One of the familiar and ancient practices for Configuration Manager administrators is to exclude particular drives from being installed with ConfigMgr components and content.  This helps to reign in ConfigMgr somewhat and prevent it from clobbering disks with limited space and/or high I/O overhead.

The process is rather simple, you create a “no_sms_on_drive.sms” file in the root of the drive you wish to exclude from ConfigMgr attention.  The file can be empty or you can enter something it if you wish. This is really most relevant when the server has more than one fixed (logical) disk, such as a E: or F: drive, and so on.  This is most often applied to servers, rather than end-user devices, but that’s not a requirement, since BranchCache opens up a broader platform pool.

For a handful of servers this is simple enough.  For thousands of servers it can be a bit tedious, even more so when the server pool is dynamic.

Group Policy Preferences and Item-Level Targeting can help.

Example Scenario:

Domain “” has a DC named DC1 (clever, I know), a ConfigMgr site server P01, and file servers FS1, FS2, FS3, and FS4.  Each of the file servers FS1, FS2, and FS3 has a C: drive, for Windows, and an E: drive which hosts file shares.  FS4 only has a C: drive.  The ConfigMgr would like to prevent ConfigMgr from gang-raping the C: drive on the file servers which have an additional fixed drive other than C:.


  1. A target OU to place the servers
  2. A GPO for configuring the settings
  3. A file “no_sms_on_drive.sms”
  4. A UNC share for hosting the above file


  • Windows is installed on C: drive
  • Drives A: and B: are not reassigned


  • Since this GPO is processed by the Computer, rather than the user, the source file needs to be placed into a globally-accessible share for all network computers to access.  This means you need to grant NTFS Read permissions to the domain group “Domain Computers” as well as Share-level access.
  • Create a separate GPO for this, to help isolate it for management and troubleshooting.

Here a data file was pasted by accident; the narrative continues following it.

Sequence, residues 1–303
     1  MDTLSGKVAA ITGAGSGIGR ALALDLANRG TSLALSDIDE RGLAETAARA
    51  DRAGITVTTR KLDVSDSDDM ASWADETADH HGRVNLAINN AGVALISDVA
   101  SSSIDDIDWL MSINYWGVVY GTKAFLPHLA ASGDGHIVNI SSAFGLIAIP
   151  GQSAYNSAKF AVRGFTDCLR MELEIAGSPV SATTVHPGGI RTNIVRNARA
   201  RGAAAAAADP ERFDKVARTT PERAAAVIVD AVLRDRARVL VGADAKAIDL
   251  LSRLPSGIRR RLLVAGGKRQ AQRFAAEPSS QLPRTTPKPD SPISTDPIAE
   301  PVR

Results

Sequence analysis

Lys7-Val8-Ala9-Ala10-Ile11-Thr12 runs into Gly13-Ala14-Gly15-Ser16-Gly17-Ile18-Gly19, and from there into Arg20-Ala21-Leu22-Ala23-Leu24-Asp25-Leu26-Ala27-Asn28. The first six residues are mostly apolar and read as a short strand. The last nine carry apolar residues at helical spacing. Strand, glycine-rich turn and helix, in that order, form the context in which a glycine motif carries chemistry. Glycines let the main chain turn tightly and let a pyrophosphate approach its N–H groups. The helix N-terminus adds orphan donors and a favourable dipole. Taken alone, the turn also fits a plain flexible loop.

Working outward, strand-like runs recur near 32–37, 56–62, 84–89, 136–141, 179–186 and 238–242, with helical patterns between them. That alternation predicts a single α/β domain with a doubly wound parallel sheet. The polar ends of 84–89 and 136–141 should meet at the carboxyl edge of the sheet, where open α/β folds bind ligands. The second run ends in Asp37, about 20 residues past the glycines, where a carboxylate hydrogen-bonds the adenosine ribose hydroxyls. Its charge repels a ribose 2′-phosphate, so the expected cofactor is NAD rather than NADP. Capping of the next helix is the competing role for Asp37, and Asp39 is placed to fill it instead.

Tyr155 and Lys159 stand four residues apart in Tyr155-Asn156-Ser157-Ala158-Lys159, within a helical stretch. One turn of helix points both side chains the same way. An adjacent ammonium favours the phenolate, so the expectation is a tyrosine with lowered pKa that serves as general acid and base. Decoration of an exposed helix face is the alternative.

• Create a separate “test” OU for this, until you’re ready to move it into production.


Figure 1
Figure 2

Edit the GPO to specify the Group Policy Preferences setting under: Computer Configuration / Preferences / Windows Settings / Files.  Right-click on the Files node, and choose New / File.

Figure 3

Be sure to specify a UNC path, rather than a drive letter, for the Source files entry.  The Destination file entry should be an explicit value (relative local path), as shown above.

Figure 4

Select “Item-level targeting”, and click the “Targeting” button.  Enter a Description if you wish.  You can adjust the “Apply once and do not reapply” setting (Figure 4) to suit your needs.  This is just an example.  To edit the targeting condition, click the “Targeting…” button.

Figure 5

Click “New Item” from the drop-down list at top-left of the Targeting Editor form (Figure 5), then select “WMI Query” at the bottom of the list.

Figure 6

Leave the Namespace as “Root\cimv2”.  Enter the WMI query in the Query box, and specify any valid property name in the Property box, such as “DeviceID”.  Leave Environment variable name blank.  Click OK.  For giggles, select the entry in the upper panel and scroll to the end to see how it modifies the WMI query to suit ILT use.

WMI Query:

SELECT * FROM Win32_LogicalDisk WHERE DeviceID<>'C:' AND DriveType=3

If the query (Figure 6) returns a result (a value from the property “DeviceID”), then it’s evaluated as “True” and validates the ILT condition.  This means that if a fixed logical disk is found, other than C:, it returns True and therefore applies the Group Policy Preference instruction (copies the file)

You can adapt this approach to many other uses besides Configuration Manager, or even copying files.



Leave a Reply

Please log in using one of these methods to post your comment: Logo

You are commenting using your account. Log Out /  Change )

Google+ photo

You are commenting using your Google+ account. Log Out /  Change )

Twitter picture

You are commenting using your Twitter account. Log Out /  Change )

Facebook photo

You are commenting using your Facebook account. Log Out /  Change )


Connecting to %s